Friday, September 18, 2009
Sea Stars Grow Faster As Water Warms
From Live Science:
Climate change will deal clams, mussels, and other marine bivalves a double whammy. Biologists already expect them to have trouble making their shells because elevated carbon dioxide (CO2) levels will acidify seawater. Now it seems they’ll also have to contend with brawnier predatory starfish.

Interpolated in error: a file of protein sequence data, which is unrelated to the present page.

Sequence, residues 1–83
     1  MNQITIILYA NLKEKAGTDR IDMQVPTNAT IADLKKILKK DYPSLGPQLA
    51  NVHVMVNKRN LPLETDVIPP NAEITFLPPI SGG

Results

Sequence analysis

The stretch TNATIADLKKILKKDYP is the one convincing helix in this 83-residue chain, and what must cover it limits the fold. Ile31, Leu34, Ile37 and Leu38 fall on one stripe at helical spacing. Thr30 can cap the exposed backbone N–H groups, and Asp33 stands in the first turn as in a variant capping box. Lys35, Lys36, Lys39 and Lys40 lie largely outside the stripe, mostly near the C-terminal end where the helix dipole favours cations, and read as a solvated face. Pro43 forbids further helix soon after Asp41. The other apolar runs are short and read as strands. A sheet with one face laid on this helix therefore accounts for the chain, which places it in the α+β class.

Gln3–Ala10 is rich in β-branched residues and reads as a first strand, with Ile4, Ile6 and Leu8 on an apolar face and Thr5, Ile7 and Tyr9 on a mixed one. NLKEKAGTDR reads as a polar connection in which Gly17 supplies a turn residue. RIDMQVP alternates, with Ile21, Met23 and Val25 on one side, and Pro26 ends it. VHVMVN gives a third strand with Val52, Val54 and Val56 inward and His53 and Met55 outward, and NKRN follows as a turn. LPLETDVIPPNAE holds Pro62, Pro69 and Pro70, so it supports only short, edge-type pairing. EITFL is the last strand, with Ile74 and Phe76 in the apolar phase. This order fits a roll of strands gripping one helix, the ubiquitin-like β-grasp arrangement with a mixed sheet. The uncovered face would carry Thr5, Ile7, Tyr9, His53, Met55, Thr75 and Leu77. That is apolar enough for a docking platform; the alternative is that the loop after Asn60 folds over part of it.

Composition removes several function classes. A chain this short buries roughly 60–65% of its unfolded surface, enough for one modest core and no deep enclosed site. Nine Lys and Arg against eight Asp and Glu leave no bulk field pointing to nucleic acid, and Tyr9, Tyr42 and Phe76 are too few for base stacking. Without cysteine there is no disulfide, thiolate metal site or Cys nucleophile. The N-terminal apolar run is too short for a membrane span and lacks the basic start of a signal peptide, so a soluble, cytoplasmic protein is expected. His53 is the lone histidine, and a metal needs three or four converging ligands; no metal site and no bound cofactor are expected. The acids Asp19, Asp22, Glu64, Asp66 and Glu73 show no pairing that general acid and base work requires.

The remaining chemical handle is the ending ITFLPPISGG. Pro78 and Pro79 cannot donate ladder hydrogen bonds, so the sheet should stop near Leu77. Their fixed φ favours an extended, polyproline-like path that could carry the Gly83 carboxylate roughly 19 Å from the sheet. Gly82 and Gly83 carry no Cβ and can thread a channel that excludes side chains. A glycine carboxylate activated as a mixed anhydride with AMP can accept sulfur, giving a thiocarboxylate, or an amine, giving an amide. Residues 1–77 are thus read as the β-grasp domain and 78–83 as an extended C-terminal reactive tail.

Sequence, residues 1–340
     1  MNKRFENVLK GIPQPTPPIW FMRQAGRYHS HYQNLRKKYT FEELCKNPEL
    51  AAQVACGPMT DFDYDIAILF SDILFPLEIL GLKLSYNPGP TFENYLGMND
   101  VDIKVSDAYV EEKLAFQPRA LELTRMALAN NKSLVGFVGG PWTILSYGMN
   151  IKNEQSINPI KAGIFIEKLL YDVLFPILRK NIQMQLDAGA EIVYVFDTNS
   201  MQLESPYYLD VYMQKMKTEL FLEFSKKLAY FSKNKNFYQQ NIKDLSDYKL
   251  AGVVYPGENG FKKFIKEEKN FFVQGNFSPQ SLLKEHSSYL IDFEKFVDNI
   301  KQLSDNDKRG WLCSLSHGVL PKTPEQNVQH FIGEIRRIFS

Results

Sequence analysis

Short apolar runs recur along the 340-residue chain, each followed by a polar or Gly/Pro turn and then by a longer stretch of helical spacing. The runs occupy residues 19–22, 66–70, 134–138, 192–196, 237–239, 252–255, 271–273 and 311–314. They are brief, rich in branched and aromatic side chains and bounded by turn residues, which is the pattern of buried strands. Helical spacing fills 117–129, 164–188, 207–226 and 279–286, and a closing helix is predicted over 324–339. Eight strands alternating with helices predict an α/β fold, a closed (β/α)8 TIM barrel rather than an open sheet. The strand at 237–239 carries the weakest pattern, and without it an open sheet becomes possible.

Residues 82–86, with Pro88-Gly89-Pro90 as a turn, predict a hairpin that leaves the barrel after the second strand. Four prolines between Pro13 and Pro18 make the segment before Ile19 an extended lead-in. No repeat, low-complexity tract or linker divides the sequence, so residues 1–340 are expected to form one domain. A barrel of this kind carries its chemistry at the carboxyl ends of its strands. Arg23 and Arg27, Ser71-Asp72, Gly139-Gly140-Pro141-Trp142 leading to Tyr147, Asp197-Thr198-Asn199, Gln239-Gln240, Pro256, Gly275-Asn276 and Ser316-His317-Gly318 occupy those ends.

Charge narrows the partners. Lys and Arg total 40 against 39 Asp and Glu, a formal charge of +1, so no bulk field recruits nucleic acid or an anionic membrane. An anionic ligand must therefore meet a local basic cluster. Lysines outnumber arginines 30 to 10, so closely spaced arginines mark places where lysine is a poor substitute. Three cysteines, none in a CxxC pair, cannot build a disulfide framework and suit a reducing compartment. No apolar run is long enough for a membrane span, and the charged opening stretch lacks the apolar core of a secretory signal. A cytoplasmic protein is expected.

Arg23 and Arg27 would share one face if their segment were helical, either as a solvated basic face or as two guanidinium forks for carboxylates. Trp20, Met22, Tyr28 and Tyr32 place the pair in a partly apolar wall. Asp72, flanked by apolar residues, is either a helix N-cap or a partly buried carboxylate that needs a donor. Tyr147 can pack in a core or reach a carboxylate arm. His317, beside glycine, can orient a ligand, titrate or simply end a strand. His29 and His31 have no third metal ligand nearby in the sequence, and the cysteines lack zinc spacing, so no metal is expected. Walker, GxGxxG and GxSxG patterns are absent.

Bivalves are the preferred prey of the purple ocher sea star (Pisaster ochraceus), a familiar denizen of the intertidal zone along the Canadian and American west coast.
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